A unique take on iris – beautiful and slightly strange. Have you ever eaten a raspberry crème brulee? By some weird quirk of culinary alchemy, the vanilla custard and the raspberry transmute each other into something completely different from their normal selves – the custard loses its bland sweetness and takes on the sharp fruitiness of the berry, while the berry has its raspberry identity completely sanded down, leaving only a bright, citric fleshiness in its place. The end result tastes nothing like custard or raspberry, but is a completely new taste born from their union.
Something similar happens in Impossible Iris. The custardy, plasticky ylang and the bright, sour raspberry mix with a cool, powdered suede iris, and the result smells nothing like either one of the original ingredients to the pot.
True, there is a distinctly moist fruit note, but it is more the blue-green shimmer of a wet raspberry leaf than the vulva-pink flesh of the berry itself. The ylang divests itself of its usual steamy, banana-like nuances, and combined with the rooty tones of the iris, blows up the hairspray and plastic hairnet side of its personality.
The iris, slicked in these juices, takes on a aerosol tone, like the fresh emission from a can of suede boot cleaner or furniture polish. Somehow, it emerges from the fruit, mimosa, and ylang as a wholly new creature, wobbly on its legs, but utterly beautiful.
Here's another candidate in my personal search for my first Iris purchase. This is a fruity Iris (something I haven't some across before), and while the manufacturer's notes tell me to expect framboise, I'm getting more mango and almost papaya on the to--at any rate, this smells quite exotic, with all the jasmine and ylang woven around it. The idea of a prim fragrance like iris letting its hair down is nice, but I feel like what I have here is a well-made floral tied together with the earthy notes of the aforementioned flowers and fruits with a little musk and maybe a hint of sandalwood on the drydown. The iris is in here, but I have to look for it, and that's not what I want. I keep picturing Miss Moneypenny in a conga line in Acapulco.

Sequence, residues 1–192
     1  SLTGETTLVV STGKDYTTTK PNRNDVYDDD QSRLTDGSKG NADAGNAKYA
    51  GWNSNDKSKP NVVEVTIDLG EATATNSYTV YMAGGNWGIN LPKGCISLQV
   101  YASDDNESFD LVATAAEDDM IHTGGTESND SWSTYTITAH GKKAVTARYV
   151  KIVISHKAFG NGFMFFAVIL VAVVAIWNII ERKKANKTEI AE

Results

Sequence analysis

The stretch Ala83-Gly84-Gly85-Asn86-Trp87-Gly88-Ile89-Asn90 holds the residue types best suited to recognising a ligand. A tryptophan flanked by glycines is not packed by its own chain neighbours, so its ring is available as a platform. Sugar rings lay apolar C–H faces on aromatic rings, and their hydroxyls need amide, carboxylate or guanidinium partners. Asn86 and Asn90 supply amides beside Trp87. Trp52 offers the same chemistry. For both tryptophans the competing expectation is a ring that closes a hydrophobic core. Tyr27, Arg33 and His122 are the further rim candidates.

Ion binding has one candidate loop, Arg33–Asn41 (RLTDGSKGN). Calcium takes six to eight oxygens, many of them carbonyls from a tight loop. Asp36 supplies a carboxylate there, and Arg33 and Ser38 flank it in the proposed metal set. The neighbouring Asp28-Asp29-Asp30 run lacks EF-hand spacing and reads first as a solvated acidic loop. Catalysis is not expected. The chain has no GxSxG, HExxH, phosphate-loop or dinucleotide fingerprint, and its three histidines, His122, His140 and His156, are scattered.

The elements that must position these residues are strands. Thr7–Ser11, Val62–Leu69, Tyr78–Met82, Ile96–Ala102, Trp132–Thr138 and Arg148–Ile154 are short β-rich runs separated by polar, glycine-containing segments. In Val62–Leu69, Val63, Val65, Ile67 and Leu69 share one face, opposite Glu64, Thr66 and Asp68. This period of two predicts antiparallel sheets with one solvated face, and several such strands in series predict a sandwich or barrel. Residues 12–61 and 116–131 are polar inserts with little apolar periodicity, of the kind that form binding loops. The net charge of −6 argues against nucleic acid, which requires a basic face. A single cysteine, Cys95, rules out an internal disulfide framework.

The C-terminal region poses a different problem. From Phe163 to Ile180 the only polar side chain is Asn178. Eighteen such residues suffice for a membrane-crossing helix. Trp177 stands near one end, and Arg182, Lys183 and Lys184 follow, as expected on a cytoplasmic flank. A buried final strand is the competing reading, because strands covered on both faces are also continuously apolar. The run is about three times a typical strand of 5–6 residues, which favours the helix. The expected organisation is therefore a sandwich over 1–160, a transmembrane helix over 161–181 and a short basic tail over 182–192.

Impossible Iris by Ramon Monegal features an iris note that is similar to the one found in Terre d'Iris by Miller Harris. I enjoy both fragrances quite a bit; in fact, this is my favorite RM fragrance so far—it’s a wet, green, iris with a large dose of sweet mimosa that smells of the highest quality shampoo. I decided to run a comparison and applied II to one arm and TdI to the other. Then I asked the dear Hubs to sniff each arm and tell me which he preferred. (The dear Hubs is a “(-)fragrance fan”.) He chose II, so I immediately put TdI on my full bottle list.
l get a soapy, fizzy, aldehydic opening that tickles my nose & makes me sneeze. As it settles, l detect a powdery, fuzzy floral note, more akin to mimosa than iris. Gradually, however, the iris comes through, & a couple of hours in the raspberry note adds a little tartness without giving the scent an overly fruity feel. l don't get ylang or jasmine here, & there's no discernable base. The projection is medium, & it fades out around seven hours in.
l'm not an iris afficianado, but l find this one to be a bright, cheerful spring floral, in a similar vein to Byredo's La Tulipe, although they don't smell the same. For me though, La Tulipe is the more beautiful of the two.
this is feminine scent, its fruty raspberry scent, its sweet and almost powdery in the dry down and bit thin , synthetic as well
i was expecting so much more :) , the opening reminded me the most of iris silver mist,thats the part i loved, but soon it turns into fruity scent, with very little iris .....and very little excitement for me
its likable, but nothing impossible here:) fruity part overwhelmes it all.....for insolence lovers!